Citizens for a Healthy Bay’s Junior Bay Ranger Program
By Katrina Landau
In 2003, the Washington State Legislature passed ESHB 1466 that established the Natural Science, Wildlife and Environmental Education Partnership Grant program under the Washington State Office of the Superintendent of Public Instruction (OSPI). In the 2005-2006 inaugural year, Citizens for a Healthy Bay (CHB), a Tacoma based 501c3 organization, was one of the recipients.
This innovative partnership was created to promote “proven and innovative natural science, wildlife and environmental education programs that include instruction about renewable resources, responsible use of resources and conservation.”
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In 2004-2005 CHB staff partnered with the City of Tacoma to do an intensive educational program about stormwater pollution prevention in one neighborhood in Tacoma based on Social Marketing methodology (see CLEARING, Spring 2006). The most successful part of this multi faceted educational campaign was the classroom lessons that taught the messages of individual responsibility and ownership of the environment. In fact, out of all of the different forms of community education, the classroom lessons were rated the “Most Useful” by respondents of a survey sent out to over 5000 households in the area. As a result, this became the core of the 2005-2006 program, with the addition of a field trip and an optional summer camp type program involving both field trips and service learning. CHB partnered with 4 Tacoma Elementary schools: Stanley Elementary, Jenny Reed Elementary, Pt. Defiance Elementary, and Lister Elementary. A total of 575 4th and 5th graders participated in lessons 1-3, and 42 more went through the summer service learning component.
Goals of the Program
The goal of this program was to raise awareness amongst elementary age children of the everyday issues surrounding the health of local waters. Further, the goal was to connect students more closely with the impact of stormwater pollution by experiencing first hand how people and animals are affected by pollution. Finally, the lessons brought in the important and unique component of service learning. Service learning is a method of teaching, learning and reflecting that combines academic classroom curriculum with meaningful service throughout the community.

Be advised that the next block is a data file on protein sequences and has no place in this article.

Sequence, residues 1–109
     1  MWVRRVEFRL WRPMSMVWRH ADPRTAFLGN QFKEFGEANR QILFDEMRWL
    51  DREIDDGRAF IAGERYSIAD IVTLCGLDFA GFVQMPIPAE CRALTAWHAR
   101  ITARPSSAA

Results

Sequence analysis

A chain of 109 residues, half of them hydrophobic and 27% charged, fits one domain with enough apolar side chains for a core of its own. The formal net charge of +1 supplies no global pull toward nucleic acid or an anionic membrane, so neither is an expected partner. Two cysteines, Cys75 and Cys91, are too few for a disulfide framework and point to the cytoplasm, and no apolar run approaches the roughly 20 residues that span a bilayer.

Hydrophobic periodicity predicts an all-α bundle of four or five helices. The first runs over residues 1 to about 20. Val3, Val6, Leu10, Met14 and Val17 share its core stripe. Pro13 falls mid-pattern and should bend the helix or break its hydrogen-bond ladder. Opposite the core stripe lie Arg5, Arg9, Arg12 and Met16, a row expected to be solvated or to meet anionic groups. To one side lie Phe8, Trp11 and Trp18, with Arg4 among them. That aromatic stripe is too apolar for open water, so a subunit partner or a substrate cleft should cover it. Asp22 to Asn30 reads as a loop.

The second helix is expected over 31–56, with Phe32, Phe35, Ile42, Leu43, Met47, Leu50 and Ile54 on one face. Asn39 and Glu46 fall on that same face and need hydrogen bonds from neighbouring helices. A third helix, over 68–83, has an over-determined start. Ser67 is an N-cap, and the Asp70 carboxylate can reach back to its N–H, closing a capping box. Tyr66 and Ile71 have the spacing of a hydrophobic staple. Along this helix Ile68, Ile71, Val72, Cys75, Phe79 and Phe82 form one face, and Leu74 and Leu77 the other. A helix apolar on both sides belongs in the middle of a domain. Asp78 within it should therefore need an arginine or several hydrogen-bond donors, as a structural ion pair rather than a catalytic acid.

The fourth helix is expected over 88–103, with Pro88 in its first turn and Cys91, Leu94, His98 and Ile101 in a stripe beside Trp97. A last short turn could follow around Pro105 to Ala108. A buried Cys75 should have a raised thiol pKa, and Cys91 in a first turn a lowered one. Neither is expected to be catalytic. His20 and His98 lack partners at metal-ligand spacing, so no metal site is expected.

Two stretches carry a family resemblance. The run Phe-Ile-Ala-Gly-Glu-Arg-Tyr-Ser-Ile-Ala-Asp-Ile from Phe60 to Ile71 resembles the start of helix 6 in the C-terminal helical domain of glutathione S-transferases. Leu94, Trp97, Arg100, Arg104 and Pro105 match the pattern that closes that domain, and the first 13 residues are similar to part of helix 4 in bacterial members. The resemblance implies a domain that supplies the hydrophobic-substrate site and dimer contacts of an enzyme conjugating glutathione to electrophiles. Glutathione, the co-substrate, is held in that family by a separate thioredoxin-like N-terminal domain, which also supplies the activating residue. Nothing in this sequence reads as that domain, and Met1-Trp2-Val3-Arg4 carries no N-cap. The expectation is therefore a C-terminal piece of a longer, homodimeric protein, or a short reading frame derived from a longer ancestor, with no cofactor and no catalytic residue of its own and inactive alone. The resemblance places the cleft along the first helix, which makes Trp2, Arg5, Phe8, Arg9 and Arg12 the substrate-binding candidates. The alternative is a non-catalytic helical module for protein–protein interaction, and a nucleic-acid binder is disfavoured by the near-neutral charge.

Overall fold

As a teaching method, this program was designed to be taught through experiential education and to integrate meaningful community service with instruction and reflection. When combined as a cohesive and logical educational series, this program enriched the total learning experience, encouraged lifelong civic responsibility, and reinforced the concept that the children themselves can have a direct impact on the health of Commencement Bay and Puget Sound.
Lesson #1 – “Down the Storm Drain: Where does the flow go?”
The educators explain how water that goes down the storm drain flows directly out to Commencement Bay (or other water body). Much of the pollution that washes down the storm drain can end up hurting our environment and the health of the plants and animals living in it. Students are asked a few questions about the health of the Thea Foss waterway and the Bay itself. The presenters explain how our actions add up and directly affect the water in our neighborhoods and beyond. The game is introduced, where students see how their actions – even just one at a time – can add up to help or harm water quality.
Lesson # 2- “Stormwater Pollution- Bringing it Home.”
Citizens for a Healthy Bay staff delivered the 2nd of a set of 4 “elements” of the Jr. Bay Ranger Program. This exciting and fun lesson was designed to reinforce information taught by the Envirochallengers (Element # 1), and to make the ideas more salient to the children by “bringing them home”. The specific objective of this lesson was to move the students from the general concept of being environmentally responsible to the more specific idea that they can have a direct impact on the health of Commencement Bay and Puget Sound. After a brief interactive lesson taught by CHB staff students break into groups and rotate through each of three activity stations.
Station #1: Enviroscape
An Enviroscape model www.enviroscapes.com simulates a “day in the life of Tacoma”. Each student participates in the lesson by contributing to pollution in the city by simulating 1) washing a car on the street 2) not fixing an oil leak in his/her car 3) walking a dog and not cleaning up after him 4) putting pesticide on crops 5) putting herbicide on weeds and 6) littering in the street. Then, the students simulate rain with spray bottles and are asked where all of the polluted water from their neighborhood is going. In this game the students actually watch as all of their “pollution” seeps down into the bay and see the dirty water that animals have to live in. They are then asked to say one thing they can do to make sure they do not contribute to polluting the water in the bay.
Station #2: Environmentally Friendly Window Cleaner Station
In this lesson, each student first receives a car care kit to take home to his/her parents/guardians. The students are then given the opportunity to make the Earth Friendly Window Washing Solution to be mixed in the “only rain in the drain” spray bottles that accompany the car care kits. As students rotate through making the solution, the other students in the group have a chance to find their homes on the satellite photograph of the school and surrounding neighborhood. This offers them the chance to see all the storm drains by their house and see where that water goes.